(Editors Note: Our very own Kalyn Corrigan attended the U.S. premiere for Ti West’s THE SACRAMENT at Fantastic Fest in Austin, TX, and below is her first look review for one of 2014’s highly anticipated!)
Patrick’s sister Caroline has been struggling with drugs and deviant behavior for as long as he can remember. When she informed her brother of her decision to seek betterment through the help of God in a small, remote community, Patrick was initially excited for her triumphant attitude. Yet, when he receives a mysterious letter from Caroline, Patrick enlists the aid of the journalism team ‘Vice’ to find out what is really going on in this self-proclaimed “heaven on earth”. Together, Patrick, Sam, and Jake set out to a faraway location, in the hopes of finding Patrick’s sister unharmed, and hopefully, some worthy documentary material. Upon their arrival, the crew is met with machine guns, held by unfriendly guards. They are not happy that their visitors are carrying cameras, and even less excited about the fact that Patrick has brought along others ithout informing the village first. After explaining that they are there as objective observers, they are piled into the back of a pickup truck, and driven to “Eden’s Parish”, which is about a kilometer’s length down a dirt road.Despite their initial conflicts, the group slowly comes to terms with the idea of living in this Amish-like, off the grid area, without electricity, social media, or other distractions. The locals explain the benefits of coming together as a group and building their own cabins and way of life, and how a head, Bishop figure by the name of “Father” saved each and every one of their lives. At first, little hints here and there let the newcomers in on the fact that all is not right in Eden’s Parish. Despite these red flags, the strong bonds in this little community outweigh the apparent disadvantages. As the trip goes on, however, cracks emerge within the charade, and it soon becomes evident that this display of blissful peace is merely a facade to mask the village’s troubles from the labeled “outsiders”.
Perhaps the biggest warning arrives when Sam interviews the leader of the populace, Father. Named by his loyal followers, Father is the creator Eden’s Parish, and a dead ringer for the infamous Jim Jones. He acts as the leader of his people, giving sermons and lectures to his admirers, who hang on his every word. His sly, persuasive tongue acts as a siren’s song to the lost and the desperate, but his power goes much further than that. His strategy of pointing out society’s fallacies, and suggesting that he merely seeks to create a nonjudgmental paradise where all are truly given an equal opportunity for happiness, works so effectively that even Sam has trouble focusing during the interview. Father lays his logic-based trap, and anyone who dares to listen risks falling for his manipulative charm.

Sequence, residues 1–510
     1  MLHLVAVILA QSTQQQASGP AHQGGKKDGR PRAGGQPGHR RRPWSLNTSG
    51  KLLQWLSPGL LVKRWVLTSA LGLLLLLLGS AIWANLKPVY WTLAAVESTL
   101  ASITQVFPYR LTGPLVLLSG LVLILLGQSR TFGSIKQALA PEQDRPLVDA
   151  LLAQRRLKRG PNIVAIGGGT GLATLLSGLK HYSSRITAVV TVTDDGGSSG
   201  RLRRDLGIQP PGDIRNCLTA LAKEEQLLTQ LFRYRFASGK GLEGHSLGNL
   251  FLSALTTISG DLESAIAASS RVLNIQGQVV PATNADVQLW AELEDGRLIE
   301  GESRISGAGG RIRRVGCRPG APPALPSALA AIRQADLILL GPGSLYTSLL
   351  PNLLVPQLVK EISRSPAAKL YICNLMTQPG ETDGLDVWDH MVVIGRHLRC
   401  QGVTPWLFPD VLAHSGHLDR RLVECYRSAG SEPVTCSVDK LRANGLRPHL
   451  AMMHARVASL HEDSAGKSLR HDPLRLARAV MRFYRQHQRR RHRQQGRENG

When a national tragedy as devastating as the Jonestown Massacre occurs, people often jump to conclusions, and assume that those involved were merely soulless puppets; too stupid to see what was right in front of them. It’s easy to simplify such a horrible massacre to the most basic terms in order to process an act so terrible. In order to distance oneself from such deviance, a person who hears about the event might subconsciously and intuitively claim that the followers of a man like Jim Jones are just an ignorant band of misfits. We’d like to think that we could never participate in something so horrible, but the truth is, the capacity to fall into the depths of cult activity is within all of us. All it takes is circumstance to flip a switch, and head down a much darker path than we could have ever imagined.Ti West’s newest film, ‘The Sacrament’, gracefully demonstrates the motives behind peoples’ actions in new religious movements. What starts out as a film seemingly about the horror of religion, ends by demonstrating that the terror doesn’t lie in the thousand year-old scripture, but rather, in those who interpret it with an ulterior agenda. West’s latest work is arguably his most fascinating yet, due to its honest and merciless nature. Instead of attacking religion, it sheds light on the reality behind cult activity, and explores individuals’ reasons for leaving behind all of their worldly possessions, just to follow the orders and advice of one man, undoubtedly, no matter the costs. The most shocking element within the film isn’t a religious deity, but a person, Father, who claims to have a special connection with the higher being. As the movie suggests, tastefully and accurately, the most terrifying aspect of any dangerous situation is the element of human behavior, and the power it can hold over others, especially when using a tool as influential as religion. The delicate handling of this intriguing and taboo subject matter, along with powerful performances by the cast, especially Gene Jones’s portrayal as Father, combine to create West’s best feature to date.